Two French soldiers have been killed in the Central African Republic, French President Francois Hollande confirmed on Tuesday.
They are the first French deaths since the country deployed 1,600 troops there following a United Nations Security Council Resolution last week, BBC reports. In a statement, Hollande said he “learned with deep sadness” that the two paratroopers had been killed overnight in the capital of Bangui, where communal fighting has resulted in several hundred deaths.
Hollande was expected to visit the Central African Republic on Tuesday, AFP reports.
The landlocked central African nation has been mired by violence since the Muslim rebel leader Michel Djotodia seized power from president Francois Bozize in March in the Christian-majority country. The UN resolution last week was in response to a string of attacks between Christian self-defense militias and mainly Muslim fighters from the former rebel coalition that Djotodia disbanded after seizing power.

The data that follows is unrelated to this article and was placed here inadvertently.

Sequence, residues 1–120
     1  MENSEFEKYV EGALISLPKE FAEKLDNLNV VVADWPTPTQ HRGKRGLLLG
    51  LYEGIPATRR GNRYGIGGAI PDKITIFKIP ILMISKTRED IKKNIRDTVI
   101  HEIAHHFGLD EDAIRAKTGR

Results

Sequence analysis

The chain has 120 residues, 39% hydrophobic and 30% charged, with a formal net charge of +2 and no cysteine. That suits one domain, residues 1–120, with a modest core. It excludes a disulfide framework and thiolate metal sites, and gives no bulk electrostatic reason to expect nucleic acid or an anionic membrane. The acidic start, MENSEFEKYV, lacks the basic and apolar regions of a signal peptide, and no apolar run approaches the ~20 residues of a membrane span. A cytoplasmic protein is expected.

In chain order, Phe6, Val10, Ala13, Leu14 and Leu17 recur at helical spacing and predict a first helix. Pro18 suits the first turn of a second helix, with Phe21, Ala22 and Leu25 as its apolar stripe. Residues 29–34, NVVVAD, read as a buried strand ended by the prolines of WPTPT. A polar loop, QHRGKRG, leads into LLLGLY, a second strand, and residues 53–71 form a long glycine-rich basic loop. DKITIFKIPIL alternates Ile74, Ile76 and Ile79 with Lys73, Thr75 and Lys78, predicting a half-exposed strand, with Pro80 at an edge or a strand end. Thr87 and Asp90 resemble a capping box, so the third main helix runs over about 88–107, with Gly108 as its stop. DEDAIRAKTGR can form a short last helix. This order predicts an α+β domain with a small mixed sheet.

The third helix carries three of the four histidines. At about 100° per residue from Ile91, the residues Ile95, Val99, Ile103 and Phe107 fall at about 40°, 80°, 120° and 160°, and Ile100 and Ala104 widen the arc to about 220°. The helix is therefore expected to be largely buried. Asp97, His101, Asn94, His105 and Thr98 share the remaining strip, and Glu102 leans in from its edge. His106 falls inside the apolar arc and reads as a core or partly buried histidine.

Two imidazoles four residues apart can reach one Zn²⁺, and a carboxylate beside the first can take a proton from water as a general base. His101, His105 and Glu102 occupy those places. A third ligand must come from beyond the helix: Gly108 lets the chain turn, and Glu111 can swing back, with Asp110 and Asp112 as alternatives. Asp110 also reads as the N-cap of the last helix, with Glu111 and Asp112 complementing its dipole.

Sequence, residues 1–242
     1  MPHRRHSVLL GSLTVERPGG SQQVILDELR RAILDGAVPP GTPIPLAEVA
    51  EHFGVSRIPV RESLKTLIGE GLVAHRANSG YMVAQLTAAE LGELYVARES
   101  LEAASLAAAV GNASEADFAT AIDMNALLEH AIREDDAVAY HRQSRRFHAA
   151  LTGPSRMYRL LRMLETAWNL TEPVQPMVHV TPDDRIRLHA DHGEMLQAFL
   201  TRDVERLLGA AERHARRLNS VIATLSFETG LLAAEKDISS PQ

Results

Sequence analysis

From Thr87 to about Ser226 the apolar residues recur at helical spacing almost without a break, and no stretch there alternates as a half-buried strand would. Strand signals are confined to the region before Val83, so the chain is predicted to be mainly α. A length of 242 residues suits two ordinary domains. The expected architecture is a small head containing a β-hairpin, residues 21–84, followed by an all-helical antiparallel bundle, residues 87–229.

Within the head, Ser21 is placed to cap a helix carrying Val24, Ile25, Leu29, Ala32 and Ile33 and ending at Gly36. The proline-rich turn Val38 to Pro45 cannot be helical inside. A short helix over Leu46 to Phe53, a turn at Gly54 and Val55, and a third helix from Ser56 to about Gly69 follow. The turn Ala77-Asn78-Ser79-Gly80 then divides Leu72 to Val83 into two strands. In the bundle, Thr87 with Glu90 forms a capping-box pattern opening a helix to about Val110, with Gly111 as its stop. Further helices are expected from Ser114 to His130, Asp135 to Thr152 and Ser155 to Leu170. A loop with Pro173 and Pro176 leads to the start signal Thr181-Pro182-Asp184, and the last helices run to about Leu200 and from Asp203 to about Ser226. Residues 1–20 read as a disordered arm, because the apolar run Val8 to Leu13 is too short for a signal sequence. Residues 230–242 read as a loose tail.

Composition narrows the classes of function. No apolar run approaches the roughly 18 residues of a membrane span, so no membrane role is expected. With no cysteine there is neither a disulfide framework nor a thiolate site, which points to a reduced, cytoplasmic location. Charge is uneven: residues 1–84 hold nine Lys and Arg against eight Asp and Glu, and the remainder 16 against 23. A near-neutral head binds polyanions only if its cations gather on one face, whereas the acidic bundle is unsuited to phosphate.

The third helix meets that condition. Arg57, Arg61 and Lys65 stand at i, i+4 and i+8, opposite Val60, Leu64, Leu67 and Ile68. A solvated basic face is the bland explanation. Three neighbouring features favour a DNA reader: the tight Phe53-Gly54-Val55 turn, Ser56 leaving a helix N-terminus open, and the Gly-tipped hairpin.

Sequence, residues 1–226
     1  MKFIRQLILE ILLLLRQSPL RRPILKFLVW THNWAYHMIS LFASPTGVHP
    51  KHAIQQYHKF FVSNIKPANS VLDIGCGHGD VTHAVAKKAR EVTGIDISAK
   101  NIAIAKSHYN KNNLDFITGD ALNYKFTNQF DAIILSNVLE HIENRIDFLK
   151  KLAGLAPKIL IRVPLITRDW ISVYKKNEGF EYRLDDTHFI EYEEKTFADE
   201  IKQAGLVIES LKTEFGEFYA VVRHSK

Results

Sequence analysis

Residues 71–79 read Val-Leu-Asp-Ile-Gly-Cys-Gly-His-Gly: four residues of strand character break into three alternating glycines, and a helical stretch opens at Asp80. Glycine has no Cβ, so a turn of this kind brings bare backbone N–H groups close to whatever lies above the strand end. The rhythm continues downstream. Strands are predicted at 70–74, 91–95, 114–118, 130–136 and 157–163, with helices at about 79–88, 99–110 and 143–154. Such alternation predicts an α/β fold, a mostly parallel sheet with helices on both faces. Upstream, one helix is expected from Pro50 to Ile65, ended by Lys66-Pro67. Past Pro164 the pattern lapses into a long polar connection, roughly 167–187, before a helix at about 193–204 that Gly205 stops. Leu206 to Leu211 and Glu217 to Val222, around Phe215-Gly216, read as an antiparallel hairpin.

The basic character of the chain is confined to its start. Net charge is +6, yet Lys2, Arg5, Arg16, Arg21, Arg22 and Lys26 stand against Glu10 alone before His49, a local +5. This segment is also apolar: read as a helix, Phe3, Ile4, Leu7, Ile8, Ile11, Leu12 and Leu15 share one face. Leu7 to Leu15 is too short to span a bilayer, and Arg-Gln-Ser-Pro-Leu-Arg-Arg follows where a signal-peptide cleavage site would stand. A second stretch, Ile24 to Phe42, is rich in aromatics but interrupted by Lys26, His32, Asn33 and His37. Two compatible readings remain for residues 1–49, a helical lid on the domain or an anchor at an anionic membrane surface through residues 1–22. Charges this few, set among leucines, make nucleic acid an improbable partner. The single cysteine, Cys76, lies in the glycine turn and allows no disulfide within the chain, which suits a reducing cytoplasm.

Earlier this year, France sent troops to another one of its former African colonies, Mali, to prevent Islamists and Tuareg rebels from reaching the capital in Bamako. Of the some 4,000 troops deployed there, seven were killed.